Exotica (Atom Egoyan, 1994)
I love a strong, persistent atmosphere in a film, one that can get under my skin and create a sense of consistency between scenes. Atmosphere can be generated in a million different ways to achieve a million different moods, but it takes a definite amount of skill to pull one off successfully. In Exotica I was pleased to find one of the most involving, effortlessly executed atmospheres I have ever indulged in. It’s dark, dreamlike and sensual. There is a powerful synergy between technique and narrative, and even the stilted, stylised acting fits perfectly. Each character is unique and mysterious, but they never fall into obtuse bizarreness. It’s disturbingly real, while avoiding the stagnancy of reality. Precise pacing allows for the complex story to unfold at a speed that is easy to absorb and keep up with, which is polite considering the alluringly fragmented narrative structure.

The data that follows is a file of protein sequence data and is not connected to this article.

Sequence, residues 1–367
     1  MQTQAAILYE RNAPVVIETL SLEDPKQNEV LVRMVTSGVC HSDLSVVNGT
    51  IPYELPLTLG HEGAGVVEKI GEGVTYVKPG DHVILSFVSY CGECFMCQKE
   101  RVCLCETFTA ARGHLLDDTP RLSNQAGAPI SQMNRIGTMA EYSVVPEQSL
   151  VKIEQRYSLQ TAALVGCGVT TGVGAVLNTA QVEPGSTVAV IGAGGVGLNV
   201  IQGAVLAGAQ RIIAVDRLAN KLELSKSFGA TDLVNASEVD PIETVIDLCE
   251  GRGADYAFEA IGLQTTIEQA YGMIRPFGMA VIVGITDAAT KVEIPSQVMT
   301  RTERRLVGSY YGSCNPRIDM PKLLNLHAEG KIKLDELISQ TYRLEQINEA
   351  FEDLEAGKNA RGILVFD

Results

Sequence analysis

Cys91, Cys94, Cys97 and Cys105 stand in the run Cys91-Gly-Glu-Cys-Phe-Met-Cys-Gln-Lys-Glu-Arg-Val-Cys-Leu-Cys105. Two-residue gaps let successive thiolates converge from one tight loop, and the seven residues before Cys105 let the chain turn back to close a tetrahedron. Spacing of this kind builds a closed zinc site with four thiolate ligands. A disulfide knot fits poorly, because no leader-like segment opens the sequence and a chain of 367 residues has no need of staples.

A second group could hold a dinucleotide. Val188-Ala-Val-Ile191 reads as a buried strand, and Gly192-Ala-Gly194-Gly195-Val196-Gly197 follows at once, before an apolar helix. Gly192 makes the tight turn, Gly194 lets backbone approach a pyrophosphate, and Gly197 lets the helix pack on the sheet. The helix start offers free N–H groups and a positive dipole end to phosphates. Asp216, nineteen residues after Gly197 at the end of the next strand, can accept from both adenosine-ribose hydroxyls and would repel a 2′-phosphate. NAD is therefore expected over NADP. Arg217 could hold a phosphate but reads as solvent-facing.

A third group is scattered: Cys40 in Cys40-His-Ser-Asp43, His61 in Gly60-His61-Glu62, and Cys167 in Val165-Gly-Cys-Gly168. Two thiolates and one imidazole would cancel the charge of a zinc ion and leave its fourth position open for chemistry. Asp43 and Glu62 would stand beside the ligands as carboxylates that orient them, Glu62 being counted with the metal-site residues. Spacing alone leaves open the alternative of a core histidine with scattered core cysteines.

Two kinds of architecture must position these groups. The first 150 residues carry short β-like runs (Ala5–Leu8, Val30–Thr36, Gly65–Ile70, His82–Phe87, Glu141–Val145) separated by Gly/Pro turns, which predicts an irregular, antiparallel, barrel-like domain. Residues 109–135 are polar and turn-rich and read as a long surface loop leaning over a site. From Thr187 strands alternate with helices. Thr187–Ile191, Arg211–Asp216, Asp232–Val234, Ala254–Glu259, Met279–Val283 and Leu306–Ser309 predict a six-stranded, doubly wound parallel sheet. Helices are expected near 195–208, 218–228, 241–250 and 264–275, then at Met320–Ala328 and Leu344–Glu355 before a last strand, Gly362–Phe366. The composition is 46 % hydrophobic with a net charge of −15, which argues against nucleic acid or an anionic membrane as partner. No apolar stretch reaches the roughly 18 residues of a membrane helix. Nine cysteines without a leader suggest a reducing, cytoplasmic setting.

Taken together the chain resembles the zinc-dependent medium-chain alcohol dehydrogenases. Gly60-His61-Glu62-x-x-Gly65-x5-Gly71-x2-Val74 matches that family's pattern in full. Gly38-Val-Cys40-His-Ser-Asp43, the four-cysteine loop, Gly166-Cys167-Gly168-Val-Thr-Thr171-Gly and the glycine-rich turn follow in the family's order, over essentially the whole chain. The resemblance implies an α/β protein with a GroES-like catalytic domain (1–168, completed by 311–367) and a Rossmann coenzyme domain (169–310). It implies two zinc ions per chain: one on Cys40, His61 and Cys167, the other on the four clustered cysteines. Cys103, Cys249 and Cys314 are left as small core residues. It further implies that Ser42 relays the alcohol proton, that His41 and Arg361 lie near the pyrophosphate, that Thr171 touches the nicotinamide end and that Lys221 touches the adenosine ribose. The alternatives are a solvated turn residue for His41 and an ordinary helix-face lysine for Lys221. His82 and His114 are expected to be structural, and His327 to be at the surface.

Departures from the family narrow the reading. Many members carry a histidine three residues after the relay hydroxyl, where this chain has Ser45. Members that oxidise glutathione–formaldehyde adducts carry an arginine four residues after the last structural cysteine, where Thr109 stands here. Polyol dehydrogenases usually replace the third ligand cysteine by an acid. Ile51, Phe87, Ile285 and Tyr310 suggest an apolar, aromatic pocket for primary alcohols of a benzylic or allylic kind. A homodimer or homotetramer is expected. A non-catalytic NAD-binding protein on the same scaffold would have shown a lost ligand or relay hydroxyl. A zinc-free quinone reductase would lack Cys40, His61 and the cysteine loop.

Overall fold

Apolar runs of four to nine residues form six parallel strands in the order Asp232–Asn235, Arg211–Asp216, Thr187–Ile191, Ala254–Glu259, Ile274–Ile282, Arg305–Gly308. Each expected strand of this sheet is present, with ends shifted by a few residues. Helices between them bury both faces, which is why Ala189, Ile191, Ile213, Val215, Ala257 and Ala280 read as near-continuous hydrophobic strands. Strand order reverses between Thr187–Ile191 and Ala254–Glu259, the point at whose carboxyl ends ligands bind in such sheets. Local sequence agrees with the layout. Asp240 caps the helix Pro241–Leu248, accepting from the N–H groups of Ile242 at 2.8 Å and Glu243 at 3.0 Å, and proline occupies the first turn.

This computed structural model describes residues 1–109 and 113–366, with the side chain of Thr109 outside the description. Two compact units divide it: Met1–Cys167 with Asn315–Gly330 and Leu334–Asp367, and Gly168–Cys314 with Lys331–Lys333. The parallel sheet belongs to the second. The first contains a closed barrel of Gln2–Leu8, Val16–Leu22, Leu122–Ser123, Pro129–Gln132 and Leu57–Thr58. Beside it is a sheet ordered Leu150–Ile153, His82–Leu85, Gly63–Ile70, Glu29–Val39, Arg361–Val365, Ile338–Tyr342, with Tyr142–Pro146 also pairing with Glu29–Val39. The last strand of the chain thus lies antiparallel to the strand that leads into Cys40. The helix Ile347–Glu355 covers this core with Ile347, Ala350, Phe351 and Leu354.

There is more happening below the surface here than one could possibly know. Motivations are vague at best, and references are often made to events that have yet to be explored. Hazy dialogue creates awkwardness and tension that puts you inside the environment and lives of the characters. Everything is slowly revealed in a very tantalising fashion. The use of colour and set design is imaginative and really helps to define the style of the film. Character development is rich and there is a clear look at the repetitive struggle with obsession. As the timelines jump back and forth more frequently the music becomes more prominent and works to place dynamic emphasis on each dramatic reveal and the ultimate climax. There is such a wonderful sense of taboo that pushes out with a calm wave across a wide range of deep emotions. It takes a lot of patience, insight and intelligence to express pain and longing in a relatable fashion, but Exotica does so while being irresistibly sexy and fantastic at the same time.